Spring break, but not booze, on the Pensacola Beach Boardwalk

By Claudia Carlson
Staff Writer

alcohol

Photo courtesy of Jennifer Johns.

Spring break is here for UWF students, but if you are planning to go to Pensacola Beach, be aware. Some things are not as they used to be.

The Escambia County Board of County Commissioners approved an ordinance that took effect March 1 banning the possession of open containers of alcohol in the central commercial areas of Pensacola Beach. Along with the Pensacola Beach Boardwalk, this ban also includes parking lots, streets, sidewalks, parks and other public areas or recreational facilities within the restricted area.

Open containers (no glass) are allowed only in the sand, the beach itself, except for the family designated area of Casino Beach just west of Pensacola Beach Fishing Pier.

This ordinance means that when you go to a bar or restaurant on Pensacola Beach, you are not allowed to leave the premises with an alcoholic beverage, as in the past.

“I think this new ordinance is a really good idea,” said Natasha Coulter, Pensacola Beach Hooters waitress. “The laws on the beach about drinking should be stricter. There are so many people who get too intoxicated, and with this ordinance, I believe it will help make the boardwalk a safer place.”

“There are also so many underage people, or people in general, who try to sneak their alcoholic drinks into our establishment, so I really do think this will be a good thing.”

The ban on open containers of alcohol anywhere other than the sandy beaches was put into effect on March 1, just in time for spring break season.

“The move is largely aimed at the raucous behavior business owners say has become the norm at the Pensacola Beach Boardwalk on weekend nights during the tourism season. While drinking will be allowed inside bars on the boardwalk, drinking on the boardwalk will not,” according to a Pensacola News Journal story on March 1, 2016.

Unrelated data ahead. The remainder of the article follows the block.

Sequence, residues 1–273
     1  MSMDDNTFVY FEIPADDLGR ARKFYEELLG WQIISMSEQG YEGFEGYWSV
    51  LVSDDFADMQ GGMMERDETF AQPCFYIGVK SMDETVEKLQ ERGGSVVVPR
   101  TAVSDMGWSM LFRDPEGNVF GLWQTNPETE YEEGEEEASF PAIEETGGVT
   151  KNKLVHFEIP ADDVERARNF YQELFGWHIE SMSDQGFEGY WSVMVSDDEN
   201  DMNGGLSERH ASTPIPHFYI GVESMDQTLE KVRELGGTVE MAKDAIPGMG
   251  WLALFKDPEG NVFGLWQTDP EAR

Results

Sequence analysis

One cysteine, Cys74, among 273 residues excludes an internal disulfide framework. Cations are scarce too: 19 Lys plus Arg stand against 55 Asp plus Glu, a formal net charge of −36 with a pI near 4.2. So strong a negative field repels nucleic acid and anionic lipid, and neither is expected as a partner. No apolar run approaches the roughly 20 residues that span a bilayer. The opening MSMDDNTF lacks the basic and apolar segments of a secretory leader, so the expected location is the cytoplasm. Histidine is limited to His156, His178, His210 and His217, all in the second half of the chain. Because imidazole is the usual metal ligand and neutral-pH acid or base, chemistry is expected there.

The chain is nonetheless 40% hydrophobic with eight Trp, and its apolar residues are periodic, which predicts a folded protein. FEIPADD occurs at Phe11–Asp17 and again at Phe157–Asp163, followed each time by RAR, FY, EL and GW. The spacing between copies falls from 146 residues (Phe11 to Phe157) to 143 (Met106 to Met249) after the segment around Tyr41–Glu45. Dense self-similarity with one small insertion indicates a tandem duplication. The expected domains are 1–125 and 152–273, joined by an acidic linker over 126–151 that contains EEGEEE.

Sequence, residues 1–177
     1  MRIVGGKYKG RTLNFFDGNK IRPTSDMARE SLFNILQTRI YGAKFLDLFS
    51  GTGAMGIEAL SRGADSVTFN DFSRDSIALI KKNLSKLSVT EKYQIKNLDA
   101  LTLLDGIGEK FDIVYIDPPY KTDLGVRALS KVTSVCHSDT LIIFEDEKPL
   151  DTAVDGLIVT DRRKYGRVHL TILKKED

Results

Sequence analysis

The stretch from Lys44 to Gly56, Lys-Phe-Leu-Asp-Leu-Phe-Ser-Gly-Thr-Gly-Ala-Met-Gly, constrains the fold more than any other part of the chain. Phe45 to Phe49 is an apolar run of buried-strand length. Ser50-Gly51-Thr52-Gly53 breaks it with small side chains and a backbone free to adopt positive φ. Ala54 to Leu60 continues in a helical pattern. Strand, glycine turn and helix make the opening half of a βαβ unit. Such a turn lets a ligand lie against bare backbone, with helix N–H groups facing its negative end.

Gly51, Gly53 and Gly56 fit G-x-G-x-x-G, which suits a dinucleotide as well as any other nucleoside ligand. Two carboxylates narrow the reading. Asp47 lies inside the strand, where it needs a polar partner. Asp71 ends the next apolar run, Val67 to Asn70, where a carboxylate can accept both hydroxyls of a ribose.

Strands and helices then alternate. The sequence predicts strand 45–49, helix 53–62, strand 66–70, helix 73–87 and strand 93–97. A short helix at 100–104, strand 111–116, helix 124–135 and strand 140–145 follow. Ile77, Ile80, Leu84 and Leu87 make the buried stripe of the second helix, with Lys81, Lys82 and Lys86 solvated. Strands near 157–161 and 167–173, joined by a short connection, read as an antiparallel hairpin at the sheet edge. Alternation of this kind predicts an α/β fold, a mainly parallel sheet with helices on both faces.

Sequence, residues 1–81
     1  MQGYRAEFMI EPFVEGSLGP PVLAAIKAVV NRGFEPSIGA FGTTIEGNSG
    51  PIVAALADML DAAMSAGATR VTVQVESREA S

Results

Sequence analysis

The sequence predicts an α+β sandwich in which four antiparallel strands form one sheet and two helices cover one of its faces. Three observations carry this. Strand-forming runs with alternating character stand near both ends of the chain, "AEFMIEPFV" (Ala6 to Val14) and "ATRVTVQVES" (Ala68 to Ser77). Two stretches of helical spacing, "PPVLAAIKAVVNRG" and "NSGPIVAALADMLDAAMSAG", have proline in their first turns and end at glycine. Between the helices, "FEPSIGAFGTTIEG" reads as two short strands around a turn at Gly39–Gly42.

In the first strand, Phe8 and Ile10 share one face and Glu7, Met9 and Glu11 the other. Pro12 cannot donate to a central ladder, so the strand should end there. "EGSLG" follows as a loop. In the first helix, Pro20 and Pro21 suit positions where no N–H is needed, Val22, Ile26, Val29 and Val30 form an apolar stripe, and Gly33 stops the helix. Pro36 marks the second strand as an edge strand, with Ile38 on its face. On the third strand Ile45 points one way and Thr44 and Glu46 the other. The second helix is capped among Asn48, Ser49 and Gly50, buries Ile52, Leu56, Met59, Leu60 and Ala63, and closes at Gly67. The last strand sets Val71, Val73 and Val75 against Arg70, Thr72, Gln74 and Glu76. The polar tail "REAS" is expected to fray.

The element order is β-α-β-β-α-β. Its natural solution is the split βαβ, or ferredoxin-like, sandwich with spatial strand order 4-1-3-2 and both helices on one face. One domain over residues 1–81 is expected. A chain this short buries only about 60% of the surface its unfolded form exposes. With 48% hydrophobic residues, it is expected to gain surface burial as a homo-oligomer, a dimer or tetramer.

In November, the PNJ conducted a Twitter poll asking followers: “#PensacolaBeach alcohol ban a good idea or bad idea?” Thirty-four percent of recipients voted it was a good idea, while 66 percent voted it a bad idea.

While this may seem like a bad thing for spring breakers, tourists or beachgoers in general, this ordinance is for the safety of the public.

“I remember when I was little, my mom telling me how dangerous the boardwalk was at night, and how she never wanted me to go there,” said Emily Ioakim, a college student on spring break. “While on spring break this past week, I stayed at Perdido Beach because it is calm and safer, but I still went to the boardwalk one day, went to Bamboo Willies and got drinks with my friends. I didn’t think it was a problem, only being able to drink inside the bar. We didn’t even notice.”

The county will be monitoring crime and business statistics on the beach to see how well the ordinance is working. In June of 2017 the ban will either expire or become permanent, depending on the results of the statistics.

Spring breakers, be safe, have fun — just keep your alcoholic beverages in the bars or the non-restricted white sand.